Water is a much harder sell than pythons. We have a lot of invasive plants and animals in Florida. They’re all over the state but the python is sort of the poster boy for invasives. It’s down in South Florida. It happened in the 90s. We kind of shut the door a little too late on the pet store industry. I’m not sure what’s going to happen there.
In Everglades National Park, the pythons are eating their way through the food chain. It’s very hard to get them all. A lot of Marjory Stoneman Douglas’ work is still being done. At the same time, you’ve got these invasives that are changing the ecology of the whole Everglades system. That’s something of concern.
The other thing I’ll tell you, I talked a little bit earlier about newspapers and what’s covered and what isn’t. The kind of stuff that I wrote, that Al Burt wrote, isn’t really going to be covered anymore. There’s going to be a lot of interesting things related to history and culture that are going to be lost, I think, because there won’t be people who will want to write about them or broadcast about that or just won’t know.
I hope I’m wrong. I hope it’s not going to die with me. It’s hard to be optimistic.
Chris Cate:Do you have a favorite place to visit or a place that you’d really love to write about more than any other places in Florida?
Jeff Klinkenberg:I would say no. It just depends on the season. I do love the springs. That’s why I’m so concerned about them… There’s some springs that just hard to go to now because I remember how they were in the 50s and 60s. But some are still nice. When the weather is hot, there is nothing like going to a good spring. Into that cold, clear water. Seeing all the fish swimming around me, I’m a boy again.
In the winter, I love going down to the Everglades and to Big Cypress. I love going into the water where it’s safe. I love seeing snakes, though not too close. All that wildlife. It recharges my batteries.
The other thing I’ll tell you, sometimes people get doom and gloom about Florida. Sometimes I do. But there are a lot of things better now than when I was a kid. For example, when I was young, a boy, early teen, you didn’t see many alligators. They had been hunted legally and illegally for decades and decades. So the ones that were around were wary. Now we have a couple million of them, to a point where they can be a problem.
When I was a kid, we didn’t even know that the American crocodile inhabited South Florida. They were so rare. The American crocodile is coming back due to good luck and wildlife management, to a point where they’re reclaiming their historic range. All the way to Tampa Bay, the west coast, and up to Vero Beach on the east coast.
Bald eagles, ospreys, pelicans. They were an endangered species because of this pesticide DDT that was in the food chain. Now, I would say from September through May, I see bald eagles every day and I live in an urban area, St Petersburg.
Panthers. When I started writing about panthers, we didn’t even know if panthers still existed in Florida. Now we’ve got about 150 adults and half as many cubs. They’re still not in good shape because they’re pinched by development on both coasts. But young males are managing to swim across the Caloosahatchee River and advancing into North Florida. Recently, a couple females did. So there’s a possibility of a larger panther population.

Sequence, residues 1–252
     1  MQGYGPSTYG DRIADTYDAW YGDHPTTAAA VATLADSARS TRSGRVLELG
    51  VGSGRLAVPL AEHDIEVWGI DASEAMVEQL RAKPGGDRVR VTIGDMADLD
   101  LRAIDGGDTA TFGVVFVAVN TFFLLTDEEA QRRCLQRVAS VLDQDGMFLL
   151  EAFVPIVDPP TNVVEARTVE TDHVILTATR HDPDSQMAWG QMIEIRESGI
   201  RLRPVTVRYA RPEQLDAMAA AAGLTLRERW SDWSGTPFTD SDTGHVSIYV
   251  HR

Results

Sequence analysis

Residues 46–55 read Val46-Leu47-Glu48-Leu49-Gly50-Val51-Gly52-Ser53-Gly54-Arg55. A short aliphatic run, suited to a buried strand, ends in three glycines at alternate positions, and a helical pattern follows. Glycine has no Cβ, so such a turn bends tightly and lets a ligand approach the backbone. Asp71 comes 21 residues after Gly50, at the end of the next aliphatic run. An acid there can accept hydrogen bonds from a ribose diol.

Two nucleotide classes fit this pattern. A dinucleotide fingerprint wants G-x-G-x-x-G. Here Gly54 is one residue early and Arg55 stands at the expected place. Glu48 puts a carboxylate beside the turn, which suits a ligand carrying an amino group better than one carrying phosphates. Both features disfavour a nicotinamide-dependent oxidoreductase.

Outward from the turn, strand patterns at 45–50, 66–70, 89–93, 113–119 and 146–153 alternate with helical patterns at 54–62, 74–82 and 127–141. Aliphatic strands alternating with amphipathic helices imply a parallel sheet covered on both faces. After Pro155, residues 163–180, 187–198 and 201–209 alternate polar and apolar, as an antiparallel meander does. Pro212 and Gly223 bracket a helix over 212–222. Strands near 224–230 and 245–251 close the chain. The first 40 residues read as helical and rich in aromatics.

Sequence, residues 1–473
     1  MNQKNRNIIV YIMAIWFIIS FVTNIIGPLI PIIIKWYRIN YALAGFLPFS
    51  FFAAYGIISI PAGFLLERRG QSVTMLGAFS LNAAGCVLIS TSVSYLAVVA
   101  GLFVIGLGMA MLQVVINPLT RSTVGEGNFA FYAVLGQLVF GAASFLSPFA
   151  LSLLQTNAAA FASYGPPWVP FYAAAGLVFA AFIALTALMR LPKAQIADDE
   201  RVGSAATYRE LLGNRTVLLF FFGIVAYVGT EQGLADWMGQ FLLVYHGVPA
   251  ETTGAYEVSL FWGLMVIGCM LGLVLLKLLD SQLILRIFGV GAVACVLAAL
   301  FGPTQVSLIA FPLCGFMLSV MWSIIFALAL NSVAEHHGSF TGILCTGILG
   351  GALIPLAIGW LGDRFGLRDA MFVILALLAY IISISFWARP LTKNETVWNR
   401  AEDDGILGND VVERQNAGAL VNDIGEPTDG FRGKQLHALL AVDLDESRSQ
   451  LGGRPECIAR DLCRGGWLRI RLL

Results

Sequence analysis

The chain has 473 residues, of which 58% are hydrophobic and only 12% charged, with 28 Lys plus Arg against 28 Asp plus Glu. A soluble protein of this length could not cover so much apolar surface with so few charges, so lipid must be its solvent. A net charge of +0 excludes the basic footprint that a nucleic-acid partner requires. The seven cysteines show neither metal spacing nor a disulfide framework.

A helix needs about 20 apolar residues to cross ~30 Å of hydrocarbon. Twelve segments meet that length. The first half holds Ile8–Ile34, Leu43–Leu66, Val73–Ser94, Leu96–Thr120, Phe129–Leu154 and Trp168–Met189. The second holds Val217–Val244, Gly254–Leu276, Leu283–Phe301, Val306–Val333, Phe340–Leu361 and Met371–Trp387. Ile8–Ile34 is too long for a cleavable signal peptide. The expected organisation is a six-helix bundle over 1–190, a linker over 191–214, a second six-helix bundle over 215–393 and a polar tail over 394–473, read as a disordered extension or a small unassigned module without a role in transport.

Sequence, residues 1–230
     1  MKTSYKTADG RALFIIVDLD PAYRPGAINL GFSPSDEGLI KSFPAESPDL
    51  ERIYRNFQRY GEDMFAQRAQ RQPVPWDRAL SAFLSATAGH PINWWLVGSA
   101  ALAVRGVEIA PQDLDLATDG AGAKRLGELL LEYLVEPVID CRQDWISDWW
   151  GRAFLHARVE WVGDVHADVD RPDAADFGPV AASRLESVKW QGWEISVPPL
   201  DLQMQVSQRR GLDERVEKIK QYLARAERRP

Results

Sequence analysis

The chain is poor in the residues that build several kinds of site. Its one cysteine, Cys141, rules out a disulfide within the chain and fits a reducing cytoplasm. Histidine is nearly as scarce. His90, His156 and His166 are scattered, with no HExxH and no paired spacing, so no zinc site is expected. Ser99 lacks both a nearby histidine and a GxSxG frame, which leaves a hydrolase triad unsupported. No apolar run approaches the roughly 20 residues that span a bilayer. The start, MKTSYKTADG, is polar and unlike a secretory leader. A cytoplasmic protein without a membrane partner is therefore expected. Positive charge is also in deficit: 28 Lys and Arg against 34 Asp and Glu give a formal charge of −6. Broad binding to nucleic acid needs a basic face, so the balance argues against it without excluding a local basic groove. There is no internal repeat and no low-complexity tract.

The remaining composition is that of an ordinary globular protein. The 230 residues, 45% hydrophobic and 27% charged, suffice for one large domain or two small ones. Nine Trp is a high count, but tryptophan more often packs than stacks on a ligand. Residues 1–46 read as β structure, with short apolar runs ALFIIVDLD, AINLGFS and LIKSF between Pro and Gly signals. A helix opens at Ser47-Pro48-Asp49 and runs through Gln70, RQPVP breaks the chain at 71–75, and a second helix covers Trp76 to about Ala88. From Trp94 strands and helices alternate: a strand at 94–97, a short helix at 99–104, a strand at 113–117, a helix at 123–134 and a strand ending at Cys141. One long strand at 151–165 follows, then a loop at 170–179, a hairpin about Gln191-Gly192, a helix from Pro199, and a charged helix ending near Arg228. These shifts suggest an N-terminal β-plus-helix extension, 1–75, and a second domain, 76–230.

Bears at one time were pretty rare. Now we have quite a few bears. It’s not that unusual to see bear. Even in the outskirts of Orlando, for example. So some wildlife is coming back. Now the trick, I guess, is to make sure there’s some habitats, there’s some places for them to dwell.
Chris Cate:One last question I have for you of these last four. That question is what is your favorite Florida sports team? Do you even have one?
Jeff Klinkenberg:I covered the Miami Dolphins for years. If they’re on TV, I may watch a little bit. Maybe not the whole game. On Monday morning, I may look in the paper and see how they did. I can walk to Tropicana Field, where the Rays play. So I see games during the season. I follow the Rays.
I went to the University of Florida so I’m a long suffering Gators fan. I may watch a couple of innings of a game, or a couple of quarters of a football game, and that’s it. So I’m not a sports fanatic.
Chris Cate:I really appreciate you taking the time today to share all these stories. You’ve got your new book out. You’ve written several in the past. People can find all of these stories. But thank you again for taking the time today.
Jeff Klinkenberg:Listen. Thank you for your time. I appreciate it.
Chris Cate:Thanks for listening to the Fluent in Floridian podcast. This show is executive produced by April Salter, with additional support provided by Heidi Otway and the team at Salter Mitchell PR.
If you need help telling your Florida story, Salter Mitchell PR has you covered, by offering issues management, crisis communications, social media, advocacy, and media relations assistance. You can learn more about Salter Mitchell PR at saltermitchellpr.com. You can also learn more about the Fluent in Floridian podcast and listen to every episode of the show at fluentinfloridian.com or by searching for the show using your favorite podcast app. Have a great day.